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Efficacy of High Intensity Local Treatment for Metastatic Bladder Cancer
Alexander P. Cole, MD1, Thomas Seisen, MD2, Francisco Gelpi-Hammerschmidt, MD1, Nawar Hanna, MD1, Mark A. Preston, MD, MPH1, Quoc-Dien Trinh, MD1.
1Harvard Medical School, Brigham and Womens Hospital, Boston, MA, USA, 2Harvard Medical School, Center for Surgery and Public Health, Boston, MA, USA.

Introduction: There is evidence from other malignancies about the benefit of aggressive local treatment (LT) even in the setting of metastatic disease. Against a backdrop of stagnant mortality rates for metastatic Bladder Cancer (mBCa), we hypothesized that high-intensity LT of primary tumor, defined as the receipt of radical cystectomy or >50 Gy of radiation therapy to the bladder, may impact overall survival (OS).
Materials and Methods: Within the National Cancer Data Base (NCDB), we identified 3,753 patients who received a multi-agent systemic chemotherapy combined with either high-intensity vs. conservative LT for primary mBCa. We defined as high intensity localized therapy those, patients who received radical cystectomy (RC) or >50Gy of radiation therapy (RT) to the pelvis. The conservative LT included patients who did not receive LT, or patients who received TURBT alone and/or palliative RT <50Gy in the pelvis. Inverse probability of treatment weighting (IPTW)-adjusted Kaplan Meier curves and Cox regression analyses were used to compare the overall survival (OS) of patients who received high-intensity vs. conservative LT.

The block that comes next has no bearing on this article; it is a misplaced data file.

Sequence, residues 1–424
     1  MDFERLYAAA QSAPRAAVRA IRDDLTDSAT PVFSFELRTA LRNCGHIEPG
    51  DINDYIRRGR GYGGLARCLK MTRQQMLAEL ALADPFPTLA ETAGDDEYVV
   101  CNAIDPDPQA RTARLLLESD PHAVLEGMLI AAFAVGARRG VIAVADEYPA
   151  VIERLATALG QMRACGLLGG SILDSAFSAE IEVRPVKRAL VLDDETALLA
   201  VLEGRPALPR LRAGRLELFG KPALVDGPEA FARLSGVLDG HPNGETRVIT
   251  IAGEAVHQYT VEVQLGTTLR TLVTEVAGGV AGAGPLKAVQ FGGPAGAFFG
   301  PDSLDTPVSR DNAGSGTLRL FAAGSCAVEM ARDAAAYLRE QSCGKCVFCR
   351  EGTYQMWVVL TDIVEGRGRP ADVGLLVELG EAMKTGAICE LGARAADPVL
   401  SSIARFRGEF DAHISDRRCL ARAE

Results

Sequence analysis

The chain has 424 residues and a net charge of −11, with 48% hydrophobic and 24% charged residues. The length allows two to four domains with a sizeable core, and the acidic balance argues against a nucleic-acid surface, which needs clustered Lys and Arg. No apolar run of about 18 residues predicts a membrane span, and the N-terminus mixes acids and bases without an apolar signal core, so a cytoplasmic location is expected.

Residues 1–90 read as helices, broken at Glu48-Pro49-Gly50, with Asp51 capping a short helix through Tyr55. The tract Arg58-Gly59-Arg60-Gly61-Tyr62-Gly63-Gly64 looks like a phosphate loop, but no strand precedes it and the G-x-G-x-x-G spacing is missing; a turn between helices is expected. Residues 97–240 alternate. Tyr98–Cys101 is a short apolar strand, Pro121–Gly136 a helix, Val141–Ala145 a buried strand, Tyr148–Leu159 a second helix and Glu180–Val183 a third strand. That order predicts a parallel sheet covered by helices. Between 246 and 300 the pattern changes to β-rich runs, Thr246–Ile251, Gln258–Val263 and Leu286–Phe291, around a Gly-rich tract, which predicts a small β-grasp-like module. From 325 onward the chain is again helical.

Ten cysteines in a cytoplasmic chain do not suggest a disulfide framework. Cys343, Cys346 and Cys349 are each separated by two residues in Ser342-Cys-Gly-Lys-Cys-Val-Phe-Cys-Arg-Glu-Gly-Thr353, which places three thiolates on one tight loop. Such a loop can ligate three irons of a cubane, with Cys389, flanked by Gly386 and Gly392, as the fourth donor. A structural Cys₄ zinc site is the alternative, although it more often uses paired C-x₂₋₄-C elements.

Results: Overall, 297 (7.91%) and 3,456 (92.09%) patients with mBCa underwent high-intensity and conservative LT. Following IPTW adjustment of all variables, the distribution of baseline patient characteristics was similar. IPTW-adjusted Kaplan-Meier curves showed that median OS was longer in the high-intensity LT group (14.92 months [IQR, 9.82-30.19 months] vs 9.95 months [IQR, 5.29-17.08 months]; P < 0.001). Furthermore, in IPTW-adjusted Cox regression analysis, high-intensity LT was associated with a significant OS benefit (HR = 0.56; 95% CI = [0.48-0.65]; P < 0.001).
Conclusions: We report an OS benefit for individuals presenting with mBCa treated with high-intensity LT, compared with their counterparts treated with conservative LT. While the findings are subject to the usual biases related to the observational study design, our preliminary data warrant further consideration for randomized clinical trials to explore this question, particularly given the poor prognosis associated with mBCa.


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